The presidents of France and the United States issued a joint call Monday for other nations to join them in seeking an "ambitious" agreement to curb climate change.
Presidents Barack Obama and Francois Hollande, writing in an article in the Washington Post and Le Monde, called for support "in pursuit of an ambitious and inclusive global agreement" to reduce greenhouse gas emissions "through concrete actions" at a climate conference in Paris in 2015.
Cooperation on a host of global issues—which include the Syrian crisis, Iran's nuclear program, and security in Africa—has resulted in France and the United States enjoying a "model" relationship, the presidents wrote.
The joint opinion piece comes as Hollande travels to the United States on Monday for a state visit.
"Rooted in a friendship stretching back more than two centuries, our deepening partnership offers a model for international cooperation," the presidents wrote.
"Transnational challenges cannot be met by any one nation alone. More nations must step forward and share the burden and costs of leadership."
Ties between the two countries have warmed considerably since chilling over France's refusal to support the 2003 US-led invasion of Iraq under president George W. Bush.
"A decade ago, few would have imagined our countries working so closely together in so many ways. But in recent years our alliance has transformed," the presidents wrote.
The two countries "have been able to take our alliance to a new level because our interests and values are so closely aligned," they said.
Regarding climate change, even as the United States and France "reduce our own carbon emissions, we can expand the clean energy partnerships that create jobs and move us toward low-carbon growth. We can do more to help developing countries shift to low-carbon energy as well, and deal with rising seas and more intense storms," they wrote.
Deeply unpopular at home and fresh from a much-publicised split with longtime girlfriend Valerie Trierweiler, Hollande will be hosted for a state dinner and talks with Obama before jetting to California to meet tech leaders.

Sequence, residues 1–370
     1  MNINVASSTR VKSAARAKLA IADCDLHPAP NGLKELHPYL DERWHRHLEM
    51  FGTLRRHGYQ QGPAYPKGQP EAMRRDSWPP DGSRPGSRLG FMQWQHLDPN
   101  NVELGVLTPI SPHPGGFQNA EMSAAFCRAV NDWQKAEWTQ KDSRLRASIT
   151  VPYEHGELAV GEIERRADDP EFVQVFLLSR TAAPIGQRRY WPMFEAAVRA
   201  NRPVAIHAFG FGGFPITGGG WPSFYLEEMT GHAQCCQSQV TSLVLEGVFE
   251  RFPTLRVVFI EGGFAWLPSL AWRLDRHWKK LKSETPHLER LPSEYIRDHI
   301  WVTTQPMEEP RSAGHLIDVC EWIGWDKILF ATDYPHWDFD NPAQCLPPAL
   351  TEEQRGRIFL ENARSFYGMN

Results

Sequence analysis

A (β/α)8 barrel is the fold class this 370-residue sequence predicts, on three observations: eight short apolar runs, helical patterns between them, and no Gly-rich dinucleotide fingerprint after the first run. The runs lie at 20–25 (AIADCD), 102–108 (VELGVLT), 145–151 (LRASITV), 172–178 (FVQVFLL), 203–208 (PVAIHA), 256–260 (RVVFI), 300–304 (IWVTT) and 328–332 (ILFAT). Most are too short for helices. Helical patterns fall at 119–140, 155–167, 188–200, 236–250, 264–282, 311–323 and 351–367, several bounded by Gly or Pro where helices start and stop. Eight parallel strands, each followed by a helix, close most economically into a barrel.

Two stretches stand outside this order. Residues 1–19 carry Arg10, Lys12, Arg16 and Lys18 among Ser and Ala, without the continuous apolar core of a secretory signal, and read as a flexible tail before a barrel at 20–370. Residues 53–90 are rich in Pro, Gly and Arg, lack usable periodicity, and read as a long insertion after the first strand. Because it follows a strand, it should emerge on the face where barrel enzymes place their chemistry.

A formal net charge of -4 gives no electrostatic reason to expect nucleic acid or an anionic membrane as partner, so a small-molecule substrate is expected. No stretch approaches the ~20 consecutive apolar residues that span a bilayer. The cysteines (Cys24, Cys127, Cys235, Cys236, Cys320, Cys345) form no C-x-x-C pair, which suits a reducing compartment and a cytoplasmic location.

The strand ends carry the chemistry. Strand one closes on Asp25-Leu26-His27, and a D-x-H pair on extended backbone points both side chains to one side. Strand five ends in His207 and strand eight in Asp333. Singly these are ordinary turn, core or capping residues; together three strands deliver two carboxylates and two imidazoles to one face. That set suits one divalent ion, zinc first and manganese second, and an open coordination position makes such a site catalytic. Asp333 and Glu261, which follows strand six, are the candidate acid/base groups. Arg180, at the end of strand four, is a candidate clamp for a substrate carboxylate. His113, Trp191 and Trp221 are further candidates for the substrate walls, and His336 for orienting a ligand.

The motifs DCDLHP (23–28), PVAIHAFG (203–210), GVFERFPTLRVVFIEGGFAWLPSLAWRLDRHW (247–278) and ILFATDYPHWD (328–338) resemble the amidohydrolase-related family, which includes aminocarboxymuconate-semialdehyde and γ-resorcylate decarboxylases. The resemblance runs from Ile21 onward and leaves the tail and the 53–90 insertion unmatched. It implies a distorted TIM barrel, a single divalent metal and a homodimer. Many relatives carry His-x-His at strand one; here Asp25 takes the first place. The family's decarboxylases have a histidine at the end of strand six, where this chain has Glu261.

Sources in the Elysee say the trip will highlight the "excellent working relationship" between the US and France, but Hollande will also raise a few "irritants", including concerns over mass US spying in Europe.
France has played a leading role in African security since Hollande took office in 2012, sending troops to fight Islamist rebels in Mali and to stem unrest in the Central African Republic.
But much of the focus is expected to be on economic questions.
Hollande, whose approval ratings are the lowest of any modern French leader, is under intense pressure to revitalise the French economy and reduce an unemployment rate that is at a 15-year high.
After a red-carpet welcome at Andrews Air Force base on Monday, Hollande will attend a state dinner with Obama and First Lady Michelle Obama, which French officials said was to take place "as planned" despite Hollande's personal woes.
The invitation had initially been made to both Hollande and Trierweiler, but the president will be attending alone after his split with the de facto French First Lady last month.
Hollande announced his separation from Trierweiler after revelations of an affair with Julie Gayet, an actress nearly 20 years his junior.
On Tuesday Hollande and Obama hold official talks at the White House followed by a joint press conference.
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